Top 10 Iconic Cars By Decade

Henry Ford started it all in the twentieth century with his Model T: it was the first car many people could afford, the first car that middle class Americans were driving and the first car that was built on an assembly line. But since then, there have been many other memorable cars on the market that speak to the eras in which they were built: from the Cadillac Eldorado, to Ford’s own Shelby Mustang, the Pontiac Trans Am or even the MINI Cooper, the automobile industry is full of unforgettable makes and models. In this video, WatchMojo.com takes a look at ten iconic cars from recent history that represent the decades in which they were made.
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Top 10 Iconic Cars by Decade


If you need to get from point-A to point-B, there’s a good chance you or someone you know has used one of these vehicles. Welcome to WatchMojo.com, and today we’ll be counting down 10 iconic and nostalgic cars.

#10 – The 1910s: Ford Model T (1916)

Kicking off our list is the car that finally gave horses a break. Henry Ford’s Model T was the first affordable car, the first mass-produced car and the car that made traveling longer distances possible for the middle class. It looks dated now, but the Model T was futuristic for the time – yes, even with its hand-powered starter crank and fairly ineffective brakes.

#9 – The 1920s: Ford 4 Door Sedan (1926)

By the start of the 1920s, the Ford Motor Company was producing over one million cars a year – way more than the competition. Ford’s 1926 line was labeled “The Improved Ford,” but the link to the Model T was obvious in this 4-door sedan. Aside from important changes under the hood, the ’26 models had thicker tires for more stability, a fully enclosed cab and – gasp! – windows.

#8 – The 1930s: Plymouth 4 Door Sedan (1936)

While the Great Depression raged on, Plymouths sold like hotcakes thanks to their reasonable prices. Referred to as a “value car,” the 1936 4-door Plymouth Sedan was an all-new design from the previous year, with a less boxy, more elegant and completely streamlined look. Available with or without a built-in trunk, the car had a number of unique and still luxurious details – including the characteristic 1930s tires.

#7 – The 1940s: Plymouth PT 105 (1940)

Everyone was starting to build trucks by the 1940s, and Chrysler’s Plymouth brand took their cues from similar looking Dodges to build their PT-105 pickup – in fact it was practically identical, save a few external details. Though Plymouth quickly got out of the pickup truck biz, the 105 stands as a prime example of the era’s pickups, complete with chrome detailing and side-mounted spare tire.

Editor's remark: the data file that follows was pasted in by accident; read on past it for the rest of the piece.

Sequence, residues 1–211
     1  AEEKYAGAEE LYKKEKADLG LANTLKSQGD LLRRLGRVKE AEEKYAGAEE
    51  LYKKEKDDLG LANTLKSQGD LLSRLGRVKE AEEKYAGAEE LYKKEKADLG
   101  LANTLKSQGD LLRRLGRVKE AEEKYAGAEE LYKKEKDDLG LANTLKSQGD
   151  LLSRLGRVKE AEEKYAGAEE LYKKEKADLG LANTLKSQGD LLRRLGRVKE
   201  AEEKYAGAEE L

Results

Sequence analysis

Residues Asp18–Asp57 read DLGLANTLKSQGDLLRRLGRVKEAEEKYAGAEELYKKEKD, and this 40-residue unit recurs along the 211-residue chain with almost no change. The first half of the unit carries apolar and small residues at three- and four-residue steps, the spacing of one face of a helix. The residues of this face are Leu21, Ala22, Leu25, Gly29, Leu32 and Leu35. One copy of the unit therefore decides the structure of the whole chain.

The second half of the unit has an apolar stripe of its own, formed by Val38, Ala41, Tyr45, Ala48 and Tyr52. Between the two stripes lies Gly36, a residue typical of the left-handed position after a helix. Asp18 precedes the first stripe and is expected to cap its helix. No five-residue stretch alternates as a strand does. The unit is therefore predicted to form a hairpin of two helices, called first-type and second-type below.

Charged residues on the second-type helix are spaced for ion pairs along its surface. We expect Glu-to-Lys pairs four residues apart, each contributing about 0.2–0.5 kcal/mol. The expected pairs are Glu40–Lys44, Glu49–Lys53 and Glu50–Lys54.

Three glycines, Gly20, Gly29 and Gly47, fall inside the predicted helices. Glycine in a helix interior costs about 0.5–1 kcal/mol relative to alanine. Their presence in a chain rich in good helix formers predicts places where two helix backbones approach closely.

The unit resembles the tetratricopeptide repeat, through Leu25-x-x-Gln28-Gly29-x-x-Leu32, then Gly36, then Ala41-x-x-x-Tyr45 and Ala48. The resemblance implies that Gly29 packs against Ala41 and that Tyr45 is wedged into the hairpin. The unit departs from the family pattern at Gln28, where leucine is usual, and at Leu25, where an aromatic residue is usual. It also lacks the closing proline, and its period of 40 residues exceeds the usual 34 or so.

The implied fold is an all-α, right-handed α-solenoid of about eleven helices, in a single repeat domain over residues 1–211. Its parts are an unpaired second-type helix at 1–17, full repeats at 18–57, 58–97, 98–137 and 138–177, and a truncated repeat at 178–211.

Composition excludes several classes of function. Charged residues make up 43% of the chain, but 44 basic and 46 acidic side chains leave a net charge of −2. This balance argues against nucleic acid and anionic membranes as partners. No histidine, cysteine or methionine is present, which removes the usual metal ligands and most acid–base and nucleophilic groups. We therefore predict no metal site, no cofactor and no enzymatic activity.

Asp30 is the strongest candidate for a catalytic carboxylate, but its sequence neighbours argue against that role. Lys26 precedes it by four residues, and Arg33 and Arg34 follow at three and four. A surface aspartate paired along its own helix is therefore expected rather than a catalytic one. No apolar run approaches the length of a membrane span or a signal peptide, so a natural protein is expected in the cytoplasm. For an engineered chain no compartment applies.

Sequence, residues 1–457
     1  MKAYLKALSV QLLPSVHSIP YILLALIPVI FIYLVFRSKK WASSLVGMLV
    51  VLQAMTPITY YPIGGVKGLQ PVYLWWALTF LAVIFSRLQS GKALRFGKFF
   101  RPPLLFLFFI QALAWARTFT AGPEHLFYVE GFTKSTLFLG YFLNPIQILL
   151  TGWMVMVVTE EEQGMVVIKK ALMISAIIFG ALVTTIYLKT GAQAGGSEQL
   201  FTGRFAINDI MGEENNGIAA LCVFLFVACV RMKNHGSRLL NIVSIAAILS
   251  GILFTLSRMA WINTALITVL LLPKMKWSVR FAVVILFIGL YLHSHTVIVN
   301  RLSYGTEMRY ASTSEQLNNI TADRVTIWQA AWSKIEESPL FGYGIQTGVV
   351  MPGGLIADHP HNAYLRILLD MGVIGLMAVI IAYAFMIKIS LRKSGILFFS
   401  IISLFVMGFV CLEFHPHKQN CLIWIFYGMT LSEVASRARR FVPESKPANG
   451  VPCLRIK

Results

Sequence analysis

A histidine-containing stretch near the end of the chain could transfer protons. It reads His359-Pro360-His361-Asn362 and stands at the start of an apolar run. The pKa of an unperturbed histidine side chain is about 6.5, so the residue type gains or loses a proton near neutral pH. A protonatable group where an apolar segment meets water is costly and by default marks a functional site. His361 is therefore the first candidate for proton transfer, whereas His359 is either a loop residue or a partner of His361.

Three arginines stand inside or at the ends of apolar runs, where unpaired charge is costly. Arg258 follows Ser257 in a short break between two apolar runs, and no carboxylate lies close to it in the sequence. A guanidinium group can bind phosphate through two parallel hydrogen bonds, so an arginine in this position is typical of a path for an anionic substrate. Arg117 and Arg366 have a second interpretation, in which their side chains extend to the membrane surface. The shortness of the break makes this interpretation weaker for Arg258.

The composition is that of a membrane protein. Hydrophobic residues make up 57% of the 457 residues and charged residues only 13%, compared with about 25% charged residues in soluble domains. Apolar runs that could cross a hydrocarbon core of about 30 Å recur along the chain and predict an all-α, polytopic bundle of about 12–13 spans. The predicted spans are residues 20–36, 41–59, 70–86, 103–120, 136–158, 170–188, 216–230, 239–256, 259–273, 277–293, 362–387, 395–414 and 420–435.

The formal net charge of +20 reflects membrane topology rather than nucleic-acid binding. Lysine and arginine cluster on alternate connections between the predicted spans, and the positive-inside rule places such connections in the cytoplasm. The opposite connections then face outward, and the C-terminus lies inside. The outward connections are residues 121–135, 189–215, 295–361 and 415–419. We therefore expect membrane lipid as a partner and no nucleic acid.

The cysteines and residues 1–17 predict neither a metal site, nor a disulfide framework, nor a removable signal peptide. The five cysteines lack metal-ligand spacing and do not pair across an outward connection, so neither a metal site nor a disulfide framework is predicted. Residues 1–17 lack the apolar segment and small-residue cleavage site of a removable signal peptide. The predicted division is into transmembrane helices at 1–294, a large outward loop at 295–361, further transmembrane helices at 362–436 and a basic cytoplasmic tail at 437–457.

#6 – The 1950s: Cadillac Eldorado (1957)

Which car best represents the fabulous ‘50s? Gotta be a Cadillac. As suburban life blossomed, families needed a ride to go along with their newfound, post-war affluence, and the Caddy was a symbol of all that – with fins, grilles and futuristic details to match. Top-of-the-line, pricey and solid, the Eldorado is a classic.

#5 – The 1960s: Ford Shelby Mustang (1967)

Ain’t she a beaut? Chrome trim, racing stripes, plus a classic oversized grille, complete with center-mounted headlights, are just some examples of the ’67 Shelby Mustang’s showy styling. While most purists prefer the earlier models, it was the ’67 that gave drivers something special under the hood –if you ever find yourself in a ‘60s-style drag race, better hope you’re behind the wheel of a Shelby Mustang.

#4 – The 1970s: Pontiac Trans Am (1978)

Blending style, strength and the spirit of the ‘70s, this sexy muscle car was one of the few exciting models in an era of bland, bland, and more bland. While most carmakers reduced horsepower due to the gas crisis, Pontiac actually increased the power of the ’78 incarnation, making it a faster and better-handling ride than most of its competition. Plus, Burt Reynolds made this car even cooler.

#3 – The 1980s: Honda Accord (1982)

The polar opposite of a hot Trans Am? Probably a 1982 Honda Accord. A sensible family car, the ’82 Accord was a revamped version of an already successful model – roomier, more stylish, fuel efficient and smooth, the Accord was the car that confirmed the shortcomings of Detroit’s output and foreshadowed the popularity of Japanese designs. It’s not particularly glamorous, but it’s still popular decades later for a reason.

#2 – The 1990s: Mazda Miata (1996)

Who doesn’t love pop-up headlights? Though often labeled a “chick car,” this convertible started its days as one of the most accessible and affordable sports cars on the market. And, this sporty-as-hell, two-seater ride exemplified the flashy, self-centered ‘90s. Small, sexy and a scream to drive, it’s repeatedly described as a juiced-up go-kart, though it is surprisingly reliable.

#1 – The 2000s: MINI Cooper (2005)

Small but spacious, sporty but sensible, trendy but traditional, the MINI’s debut was ground-breaking thanks to its equally-MINI price tag. The price may have changed, but it still comes in just behind the Model T as one of the twentieth century’s most influential cars. Fun, funky and far from frivolous, the MINI made its splash in the 2000s by becoming a priceless part of pop culture.

These are just some of the most iconic cars in history – which is your favorite? For more great top 10s, be sure to subscribe to WatchMojo.com.
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